Philosophical Psychology 14 (4):435 – 447 (2001)

Abstract
If personal identity consists in non-branching psychological continuity, then the sharp breaks in psychological connectedness characteristic of Multiple Personality Disorder implicitly commit psychological continuity theories to a metaphysically extravagant reification of alters. Animalist theories of personal identity avoid the reification of alternate personalities by interpreting multiple personality as a failure to integrate alternative autobiographical memory schemata. In the normal case, autobiographical memory cross-classifies a human life, and in so doing provides access to a variety of interpretative frameworks with their associated clusters of general event memory and episodic memory. Multiples exhibit erratic behavior because they cannot access reliably the intersecting autobiographical memory schemata that permit graceful transitions between social roles, behavioral repertoire and emotional dispositions. Selves, in both normal and certain pathological cases, are best understood as semi-fictional narratives created by human animals to serve their social, emotional and physical needs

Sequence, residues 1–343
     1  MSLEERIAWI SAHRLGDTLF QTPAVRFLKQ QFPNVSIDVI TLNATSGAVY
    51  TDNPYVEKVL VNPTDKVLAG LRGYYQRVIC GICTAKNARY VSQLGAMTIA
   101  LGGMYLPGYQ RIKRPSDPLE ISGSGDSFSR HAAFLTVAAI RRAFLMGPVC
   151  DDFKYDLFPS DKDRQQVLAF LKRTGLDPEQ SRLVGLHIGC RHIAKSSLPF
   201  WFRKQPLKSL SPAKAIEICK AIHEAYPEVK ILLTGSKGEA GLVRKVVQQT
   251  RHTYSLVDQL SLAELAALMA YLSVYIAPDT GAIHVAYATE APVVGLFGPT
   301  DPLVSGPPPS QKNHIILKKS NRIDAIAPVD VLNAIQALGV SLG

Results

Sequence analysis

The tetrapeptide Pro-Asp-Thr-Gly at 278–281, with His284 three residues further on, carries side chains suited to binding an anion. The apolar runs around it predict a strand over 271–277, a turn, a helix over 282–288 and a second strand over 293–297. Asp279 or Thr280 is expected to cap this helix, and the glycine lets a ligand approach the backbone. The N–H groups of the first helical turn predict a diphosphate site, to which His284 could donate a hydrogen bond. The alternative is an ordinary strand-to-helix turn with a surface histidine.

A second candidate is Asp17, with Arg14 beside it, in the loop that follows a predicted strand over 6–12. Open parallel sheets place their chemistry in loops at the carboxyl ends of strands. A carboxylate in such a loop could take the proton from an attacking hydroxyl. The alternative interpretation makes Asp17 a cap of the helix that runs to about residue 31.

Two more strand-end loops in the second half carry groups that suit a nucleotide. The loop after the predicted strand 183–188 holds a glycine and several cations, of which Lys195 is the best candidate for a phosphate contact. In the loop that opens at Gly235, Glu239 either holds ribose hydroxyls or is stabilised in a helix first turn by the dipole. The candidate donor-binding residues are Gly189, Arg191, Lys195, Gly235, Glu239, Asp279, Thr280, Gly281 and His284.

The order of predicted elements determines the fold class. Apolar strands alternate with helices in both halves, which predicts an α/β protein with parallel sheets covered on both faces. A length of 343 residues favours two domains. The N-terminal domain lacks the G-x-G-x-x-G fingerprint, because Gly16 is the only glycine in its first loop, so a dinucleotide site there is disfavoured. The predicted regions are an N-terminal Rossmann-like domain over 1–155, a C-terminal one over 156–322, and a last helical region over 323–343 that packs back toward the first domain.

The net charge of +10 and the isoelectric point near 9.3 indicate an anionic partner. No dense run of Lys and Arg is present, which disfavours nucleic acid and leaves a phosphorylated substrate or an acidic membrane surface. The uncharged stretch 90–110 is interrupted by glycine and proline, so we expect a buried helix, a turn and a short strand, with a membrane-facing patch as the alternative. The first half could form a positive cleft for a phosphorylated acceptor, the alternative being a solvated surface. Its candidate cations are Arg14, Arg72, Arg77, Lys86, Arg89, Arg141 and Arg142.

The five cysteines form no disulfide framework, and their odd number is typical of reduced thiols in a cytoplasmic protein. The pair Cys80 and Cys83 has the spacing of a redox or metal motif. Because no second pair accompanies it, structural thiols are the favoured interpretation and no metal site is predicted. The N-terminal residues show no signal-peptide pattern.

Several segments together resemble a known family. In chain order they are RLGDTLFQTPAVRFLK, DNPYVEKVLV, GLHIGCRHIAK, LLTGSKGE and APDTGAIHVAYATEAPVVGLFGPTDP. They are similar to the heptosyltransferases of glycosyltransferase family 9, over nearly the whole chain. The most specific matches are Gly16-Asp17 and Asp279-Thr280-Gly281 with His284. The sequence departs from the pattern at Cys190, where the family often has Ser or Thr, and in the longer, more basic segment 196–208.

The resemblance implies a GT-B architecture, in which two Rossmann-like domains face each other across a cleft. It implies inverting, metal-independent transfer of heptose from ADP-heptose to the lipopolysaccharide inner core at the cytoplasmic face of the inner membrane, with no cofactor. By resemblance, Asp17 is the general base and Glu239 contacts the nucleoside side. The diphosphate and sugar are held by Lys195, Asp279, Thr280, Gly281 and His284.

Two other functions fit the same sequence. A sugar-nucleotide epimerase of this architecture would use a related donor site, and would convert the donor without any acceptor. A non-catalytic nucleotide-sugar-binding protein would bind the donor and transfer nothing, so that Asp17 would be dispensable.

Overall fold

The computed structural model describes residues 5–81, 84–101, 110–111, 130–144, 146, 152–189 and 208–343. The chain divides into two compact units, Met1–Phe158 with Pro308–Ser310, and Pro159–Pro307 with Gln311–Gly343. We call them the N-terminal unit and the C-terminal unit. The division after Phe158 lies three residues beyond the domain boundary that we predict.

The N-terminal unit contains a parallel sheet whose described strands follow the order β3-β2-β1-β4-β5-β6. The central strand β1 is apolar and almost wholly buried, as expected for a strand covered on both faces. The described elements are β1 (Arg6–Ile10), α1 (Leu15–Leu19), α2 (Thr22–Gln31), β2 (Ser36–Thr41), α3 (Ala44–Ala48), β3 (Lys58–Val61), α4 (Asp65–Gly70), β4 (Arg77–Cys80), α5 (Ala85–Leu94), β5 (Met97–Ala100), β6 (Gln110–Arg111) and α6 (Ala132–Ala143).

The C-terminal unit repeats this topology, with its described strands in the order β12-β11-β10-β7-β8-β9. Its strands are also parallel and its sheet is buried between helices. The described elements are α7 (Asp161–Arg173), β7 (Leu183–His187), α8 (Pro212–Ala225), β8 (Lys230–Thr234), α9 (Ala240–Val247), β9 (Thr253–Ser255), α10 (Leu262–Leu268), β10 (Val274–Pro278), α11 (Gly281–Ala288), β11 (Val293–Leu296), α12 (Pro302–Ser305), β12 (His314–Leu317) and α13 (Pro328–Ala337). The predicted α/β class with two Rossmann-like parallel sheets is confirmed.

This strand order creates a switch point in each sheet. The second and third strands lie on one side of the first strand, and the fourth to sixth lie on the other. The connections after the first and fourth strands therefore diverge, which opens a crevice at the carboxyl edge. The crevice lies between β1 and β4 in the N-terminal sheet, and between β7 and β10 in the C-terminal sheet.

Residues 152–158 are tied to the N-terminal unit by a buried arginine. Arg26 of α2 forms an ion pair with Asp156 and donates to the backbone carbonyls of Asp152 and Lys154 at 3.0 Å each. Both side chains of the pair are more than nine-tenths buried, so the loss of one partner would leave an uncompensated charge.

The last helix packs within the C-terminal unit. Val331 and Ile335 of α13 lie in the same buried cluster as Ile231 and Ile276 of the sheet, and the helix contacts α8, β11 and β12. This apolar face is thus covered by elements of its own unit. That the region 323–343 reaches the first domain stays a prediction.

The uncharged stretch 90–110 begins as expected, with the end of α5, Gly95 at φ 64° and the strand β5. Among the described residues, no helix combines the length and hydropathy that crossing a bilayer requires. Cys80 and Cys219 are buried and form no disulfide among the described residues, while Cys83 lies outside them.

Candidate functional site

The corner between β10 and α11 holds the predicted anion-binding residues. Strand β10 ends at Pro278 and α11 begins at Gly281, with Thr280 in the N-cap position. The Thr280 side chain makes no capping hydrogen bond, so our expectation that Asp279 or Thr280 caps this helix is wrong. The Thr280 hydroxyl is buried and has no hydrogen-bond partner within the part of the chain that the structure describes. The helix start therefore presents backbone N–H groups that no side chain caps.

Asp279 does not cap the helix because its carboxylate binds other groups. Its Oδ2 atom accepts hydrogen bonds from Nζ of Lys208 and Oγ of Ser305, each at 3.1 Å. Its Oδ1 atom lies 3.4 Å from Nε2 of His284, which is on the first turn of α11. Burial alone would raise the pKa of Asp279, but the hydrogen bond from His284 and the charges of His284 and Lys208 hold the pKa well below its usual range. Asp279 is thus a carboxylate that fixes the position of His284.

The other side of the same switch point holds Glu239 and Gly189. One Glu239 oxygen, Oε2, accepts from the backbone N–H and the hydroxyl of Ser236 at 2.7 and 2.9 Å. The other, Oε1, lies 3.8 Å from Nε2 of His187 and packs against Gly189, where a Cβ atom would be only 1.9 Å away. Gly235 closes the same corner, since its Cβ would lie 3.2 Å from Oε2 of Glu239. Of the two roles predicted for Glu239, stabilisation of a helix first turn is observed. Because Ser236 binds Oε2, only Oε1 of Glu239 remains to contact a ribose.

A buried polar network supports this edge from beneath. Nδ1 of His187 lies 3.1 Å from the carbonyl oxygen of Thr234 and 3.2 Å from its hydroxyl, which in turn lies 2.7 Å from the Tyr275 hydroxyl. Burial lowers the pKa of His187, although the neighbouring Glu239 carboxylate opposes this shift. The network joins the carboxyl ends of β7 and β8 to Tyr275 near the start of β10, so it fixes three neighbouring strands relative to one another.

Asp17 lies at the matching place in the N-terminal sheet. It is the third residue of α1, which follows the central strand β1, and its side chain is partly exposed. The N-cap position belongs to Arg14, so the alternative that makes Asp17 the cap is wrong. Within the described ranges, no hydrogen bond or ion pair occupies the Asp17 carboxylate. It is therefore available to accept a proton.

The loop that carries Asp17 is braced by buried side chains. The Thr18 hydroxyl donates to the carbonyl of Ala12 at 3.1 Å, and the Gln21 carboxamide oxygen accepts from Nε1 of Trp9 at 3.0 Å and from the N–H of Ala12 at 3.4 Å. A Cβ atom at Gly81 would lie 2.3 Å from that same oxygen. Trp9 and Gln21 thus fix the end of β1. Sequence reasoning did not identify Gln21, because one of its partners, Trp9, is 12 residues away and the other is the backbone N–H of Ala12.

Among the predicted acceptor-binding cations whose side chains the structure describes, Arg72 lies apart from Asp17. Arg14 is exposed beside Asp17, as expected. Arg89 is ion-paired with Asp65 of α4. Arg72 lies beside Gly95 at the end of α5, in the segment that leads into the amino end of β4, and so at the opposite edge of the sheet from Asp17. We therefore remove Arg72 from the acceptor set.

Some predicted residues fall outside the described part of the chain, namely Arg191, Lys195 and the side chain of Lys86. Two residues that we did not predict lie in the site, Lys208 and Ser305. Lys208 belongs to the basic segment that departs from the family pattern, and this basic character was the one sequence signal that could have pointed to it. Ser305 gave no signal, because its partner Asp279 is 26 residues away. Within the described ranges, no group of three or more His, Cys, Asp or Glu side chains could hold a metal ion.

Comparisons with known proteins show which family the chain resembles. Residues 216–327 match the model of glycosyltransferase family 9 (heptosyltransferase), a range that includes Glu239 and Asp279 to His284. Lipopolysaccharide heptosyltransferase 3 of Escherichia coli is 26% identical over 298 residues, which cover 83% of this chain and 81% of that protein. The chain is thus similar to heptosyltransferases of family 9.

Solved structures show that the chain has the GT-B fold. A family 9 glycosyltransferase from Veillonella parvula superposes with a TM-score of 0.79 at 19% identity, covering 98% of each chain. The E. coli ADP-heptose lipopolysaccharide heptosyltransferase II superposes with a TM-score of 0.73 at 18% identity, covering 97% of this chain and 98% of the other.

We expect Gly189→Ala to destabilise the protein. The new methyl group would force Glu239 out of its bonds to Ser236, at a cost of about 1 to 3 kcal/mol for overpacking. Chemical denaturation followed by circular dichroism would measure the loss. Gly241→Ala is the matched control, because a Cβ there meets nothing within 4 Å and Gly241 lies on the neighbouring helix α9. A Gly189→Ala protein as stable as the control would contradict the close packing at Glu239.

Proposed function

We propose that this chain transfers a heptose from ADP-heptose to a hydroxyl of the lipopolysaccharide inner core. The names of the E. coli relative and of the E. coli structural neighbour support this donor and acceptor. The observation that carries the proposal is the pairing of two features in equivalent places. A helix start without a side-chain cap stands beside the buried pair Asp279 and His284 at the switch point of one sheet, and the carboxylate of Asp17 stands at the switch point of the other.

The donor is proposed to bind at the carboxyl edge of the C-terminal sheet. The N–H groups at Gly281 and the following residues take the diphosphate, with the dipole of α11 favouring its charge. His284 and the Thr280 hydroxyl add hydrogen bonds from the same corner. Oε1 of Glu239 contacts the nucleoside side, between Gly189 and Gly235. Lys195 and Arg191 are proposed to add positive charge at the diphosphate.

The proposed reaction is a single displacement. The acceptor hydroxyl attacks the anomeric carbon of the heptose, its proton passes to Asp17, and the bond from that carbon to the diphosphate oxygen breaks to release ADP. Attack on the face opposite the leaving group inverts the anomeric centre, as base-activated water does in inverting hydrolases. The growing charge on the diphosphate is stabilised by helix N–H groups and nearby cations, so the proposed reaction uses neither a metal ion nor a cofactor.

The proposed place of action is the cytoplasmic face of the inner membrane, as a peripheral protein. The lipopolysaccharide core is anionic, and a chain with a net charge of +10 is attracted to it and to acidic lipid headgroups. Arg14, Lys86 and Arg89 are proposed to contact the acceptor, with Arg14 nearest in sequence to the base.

Keywords Epistemology  Personal Identity  Self
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DOI 10.1080/09515080120088102
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References found in this work BETA

Reasons and Persons.Derek Parfit - 1984 - Oxford University Press.
Elements of Episodic Memory.Endel Tulving - 1983 - Oxford University Press.

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Citations of this work BETA

Personal Identity and Ethics.David Shoemaker - 2008 - Stanford Encyclopedia of Philosophy.
Delusion, Dissociation and Identity.Jeanette Kennett & Steve Matthews - 2003 - Philosophical Explorations 6 (1):31-49.
Dissociative Identity Disorder, Ambivalence, and Responsibility.Michelle Maiese - 2017 - European Journal of Philosophy 25 (3):764-784.

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